Diane: You were given an indeterminate sentence, can you explain that?
Raiveon: Basically an indeterminate sentence is when a person has a release date that is set for a specific time. When I went to trial, they told me I had to serve 11 years fulfilling at least 85% of my sentence.
Diane: Did you get any time taken off your sentence?
Raiveon: Yes for the college classes I took. I also got 84 days off during the pandemic for safety. I also got another five weeks off because I was in a program to go to school, so I got the weeks off to continue working in school.
Diane: Tell me about the morning you were released. You surprised your mom!
Raiveon: Yeah, she didn’t know what was coming. Part of me felt bad because throughout the whole time I was in prison she was just stuck on, I’m getting out in October not September. When the van pulled out of the gate, it was crazy because I see her and I see you, right, and so I’m like damn. I said, “I’m here, what the hell?” I was kind of surprised. I was so surprised to see you and I was surprised while trying to surprise my mom. Then when I saw my mom, it was adorable because she thought we were just visiting outside, I wasn’t being released. She was like, oh baby, that’s nice of the prison to let you visit us out here. I said no, I’m going home. Right there, she’s like, oh my God you’re coming home? Please don’t play with me. I was like, no, we’re going home, I’m like come on and then next you know ….. the tears start. It was very, very beautiful. I say that was like the highlight of her day, she can’t ever stop talking about that.
Diane: What happens at the office?
Raiveon: I was chilling with my niece and nephew, with my dad in the room. Everyone was talking, you know like a big happy family. It was amazing and the best memories.
Diane: Your parole office was okay with you going home?
Raiveon: If I have a place to stay at, they will accept it. He’s very cool you know, ain’t got no complaints and you know he’s basically all based on communication with you. And so that’s one thing we agreed on, and so far he’s proud of me. He accepted me because I have somewhere to go. You know ’cause I’m doing my thing and I’m checking in this program.
Diane: And what program are you checking in?
Raiveon: This program is called Geo. It’s based on things like substance abuse or anger management. It helps people that also have struggled with families. They have all types of stuff you could think of. So right now it’s mandatory to take anger management. The reason is because my anger sometimes gets the best of me. I also use this space to talk to people and vent. I have people to talk to and do homework with in the program.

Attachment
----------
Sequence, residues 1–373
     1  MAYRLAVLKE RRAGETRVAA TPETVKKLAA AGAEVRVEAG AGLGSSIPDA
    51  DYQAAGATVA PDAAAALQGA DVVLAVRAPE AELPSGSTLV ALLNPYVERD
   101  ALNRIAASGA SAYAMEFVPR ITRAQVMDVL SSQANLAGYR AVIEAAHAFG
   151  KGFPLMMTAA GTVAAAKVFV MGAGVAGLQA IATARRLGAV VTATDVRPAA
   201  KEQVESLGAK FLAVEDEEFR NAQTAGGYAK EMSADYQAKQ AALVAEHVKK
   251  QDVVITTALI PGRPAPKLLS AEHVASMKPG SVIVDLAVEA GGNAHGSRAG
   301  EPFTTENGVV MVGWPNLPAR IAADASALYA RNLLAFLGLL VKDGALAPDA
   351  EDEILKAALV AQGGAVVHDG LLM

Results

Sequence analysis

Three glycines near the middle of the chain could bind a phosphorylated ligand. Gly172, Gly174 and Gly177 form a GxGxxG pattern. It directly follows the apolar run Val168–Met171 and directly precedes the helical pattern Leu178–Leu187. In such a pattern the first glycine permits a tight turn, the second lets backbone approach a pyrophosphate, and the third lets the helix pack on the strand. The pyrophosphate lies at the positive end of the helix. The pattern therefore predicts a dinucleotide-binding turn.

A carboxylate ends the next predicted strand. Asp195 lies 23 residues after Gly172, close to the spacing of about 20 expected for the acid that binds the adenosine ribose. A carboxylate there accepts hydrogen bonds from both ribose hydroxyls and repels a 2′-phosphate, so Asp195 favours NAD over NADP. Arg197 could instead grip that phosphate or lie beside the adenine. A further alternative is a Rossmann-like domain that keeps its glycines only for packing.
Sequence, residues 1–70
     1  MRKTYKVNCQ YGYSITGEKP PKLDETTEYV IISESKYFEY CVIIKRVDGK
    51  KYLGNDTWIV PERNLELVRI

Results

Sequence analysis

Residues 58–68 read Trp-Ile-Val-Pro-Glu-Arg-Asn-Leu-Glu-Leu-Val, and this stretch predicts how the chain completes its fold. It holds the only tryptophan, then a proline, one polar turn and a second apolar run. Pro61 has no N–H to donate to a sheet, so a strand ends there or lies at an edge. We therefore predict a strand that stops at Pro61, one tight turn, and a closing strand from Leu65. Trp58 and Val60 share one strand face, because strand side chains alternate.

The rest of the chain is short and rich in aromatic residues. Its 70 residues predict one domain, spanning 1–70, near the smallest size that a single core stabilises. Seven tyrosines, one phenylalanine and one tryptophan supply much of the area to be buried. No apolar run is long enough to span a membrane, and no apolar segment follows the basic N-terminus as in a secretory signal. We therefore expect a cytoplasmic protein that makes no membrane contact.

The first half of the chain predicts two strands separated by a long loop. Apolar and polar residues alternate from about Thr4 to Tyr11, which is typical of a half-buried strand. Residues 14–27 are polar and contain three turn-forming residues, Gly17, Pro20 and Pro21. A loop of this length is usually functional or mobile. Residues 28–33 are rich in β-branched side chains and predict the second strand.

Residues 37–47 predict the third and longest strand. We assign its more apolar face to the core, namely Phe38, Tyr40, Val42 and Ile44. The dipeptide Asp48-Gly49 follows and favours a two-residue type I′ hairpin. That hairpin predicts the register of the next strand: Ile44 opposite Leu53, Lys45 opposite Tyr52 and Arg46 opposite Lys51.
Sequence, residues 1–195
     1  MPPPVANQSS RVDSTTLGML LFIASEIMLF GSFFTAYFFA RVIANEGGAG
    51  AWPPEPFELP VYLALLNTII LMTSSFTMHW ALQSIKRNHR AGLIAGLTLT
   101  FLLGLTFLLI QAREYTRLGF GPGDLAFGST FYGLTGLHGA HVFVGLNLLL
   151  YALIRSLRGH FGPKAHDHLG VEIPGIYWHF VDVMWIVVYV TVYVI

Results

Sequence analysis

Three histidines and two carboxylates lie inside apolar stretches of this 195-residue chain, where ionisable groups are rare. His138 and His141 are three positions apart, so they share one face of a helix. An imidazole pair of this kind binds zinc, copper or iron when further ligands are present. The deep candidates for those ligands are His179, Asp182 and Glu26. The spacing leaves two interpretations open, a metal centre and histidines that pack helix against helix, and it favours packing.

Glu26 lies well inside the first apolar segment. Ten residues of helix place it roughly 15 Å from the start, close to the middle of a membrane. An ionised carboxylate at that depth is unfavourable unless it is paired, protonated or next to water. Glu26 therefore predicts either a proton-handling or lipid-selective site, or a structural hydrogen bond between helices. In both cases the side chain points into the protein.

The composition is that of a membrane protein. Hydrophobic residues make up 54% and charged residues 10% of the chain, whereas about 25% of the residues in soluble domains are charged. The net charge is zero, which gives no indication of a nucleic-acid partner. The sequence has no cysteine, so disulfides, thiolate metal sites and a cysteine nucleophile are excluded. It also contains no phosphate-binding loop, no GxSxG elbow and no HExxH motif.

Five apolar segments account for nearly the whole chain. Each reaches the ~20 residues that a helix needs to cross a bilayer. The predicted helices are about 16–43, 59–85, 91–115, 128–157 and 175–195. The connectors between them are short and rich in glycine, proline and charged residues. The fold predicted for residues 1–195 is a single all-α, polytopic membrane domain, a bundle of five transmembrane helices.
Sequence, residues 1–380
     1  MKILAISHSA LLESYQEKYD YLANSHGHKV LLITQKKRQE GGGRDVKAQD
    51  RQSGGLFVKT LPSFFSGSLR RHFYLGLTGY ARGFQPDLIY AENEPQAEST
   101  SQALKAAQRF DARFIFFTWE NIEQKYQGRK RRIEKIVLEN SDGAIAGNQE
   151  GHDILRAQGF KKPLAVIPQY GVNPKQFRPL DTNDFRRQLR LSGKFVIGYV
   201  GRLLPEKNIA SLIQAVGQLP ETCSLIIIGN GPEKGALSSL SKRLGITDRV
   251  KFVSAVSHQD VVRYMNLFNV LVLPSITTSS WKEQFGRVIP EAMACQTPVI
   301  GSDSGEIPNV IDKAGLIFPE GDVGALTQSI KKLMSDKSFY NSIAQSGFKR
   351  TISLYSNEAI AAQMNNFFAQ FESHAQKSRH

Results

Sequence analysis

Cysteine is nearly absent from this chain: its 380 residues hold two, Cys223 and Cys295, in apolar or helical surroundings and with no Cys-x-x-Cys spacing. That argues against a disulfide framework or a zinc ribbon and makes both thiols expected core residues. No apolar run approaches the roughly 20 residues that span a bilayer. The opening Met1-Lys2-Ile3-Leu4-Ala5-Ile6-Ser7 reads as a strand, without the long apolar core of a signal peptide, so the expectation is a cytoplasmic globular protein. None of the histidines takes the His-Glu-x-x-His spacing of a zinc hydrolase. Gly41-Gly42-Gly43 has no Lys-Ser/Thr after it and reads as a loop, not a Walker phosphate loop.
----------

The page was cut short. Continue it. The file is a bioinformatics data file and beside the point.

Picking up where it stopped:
Diane: What are you going to do next?
Raiveon: Right now I am currently looking for a job. I haven’t heard anything yet, but one is developer management. I basically want to be in TV shows, movies, like the big screens basically. I would love to be in a show like Flash or Black Lightning. I want to start with TV shows and work my way up to movies. In the future, I want to travel and go to hollywood.
Diane: Is there a goal you made for yourself once you were released?
Raiveon: I’ve been at peace with myself, it’s fully inside. I’m still hurting with this one thing I had to work on, with a woman named Suraya. She’s a really good friend of mine, like a big sister. I’ve been really wanting to get in touch with her and just hug her because she took a lot of the burden off me. It’s just one of my little small things to focus on right now.
Diane: While inside you talked a lot about suicide and negative thoughts, how has that affected you post incarceration?
Raiveon: It still pops up, but I have stuff now that I could focus on. I’m not contained in a cell or dorm full of dudes. I can function better now and can release some of my outlets, my triggers. I’ve had to be less selfish and see that people actually care about me. It has already been better with the people in my life seeing me. It is one thing for them to say they love me, but it is all based on action. These people were a huge help for me in prison and continue now that I am out. My support system has only grown now that I am out.
Raiveon: One thing when I was incarcerated, I took a lot of energy with the programming and my resources and my support group. Now that I’m out, they all started to support me in a way that helped me get back on my feet. So I say, that’s one of the things I’m proud of myself.
Diane: If you could have a super power what would it be?
Raiveon: I would say my power would be anywhere with elements. You know, fire, wind or earth. I grew up watching Avatar The Last Airbender. I always admired that type of power. I am proud I could stand out like I don’t want super strength or speed, I just want something original. I would also want to be a part of the Lanterns, which is a long story, but in short, I would want to start with the Green Lantern because that represents real power. Then I would move to Red Lantern which is rage. I would want this progression with my superpowers.
Diane: Do you think you gained any real life superpowers from prison?
Raiveon: My real power is my energy. That’s why you and I connected so well, we both have an immense amount of energy. I feel like God answered my prayers in making me a real life superhero without powers. Another thing I have is that I can see people fully, because I have been seen fully. I have been seen by you, the good and the bad. Now I try to do that with other people. I don’t want to give a false impression of who I am.
Diane: Anything else you want to add?
Raiveon: Some people come into your life for a season or are only meant to be there for a season. Those are the ones that fuel you like a rocket. Then the people in the rocket with you are the people in your life forever.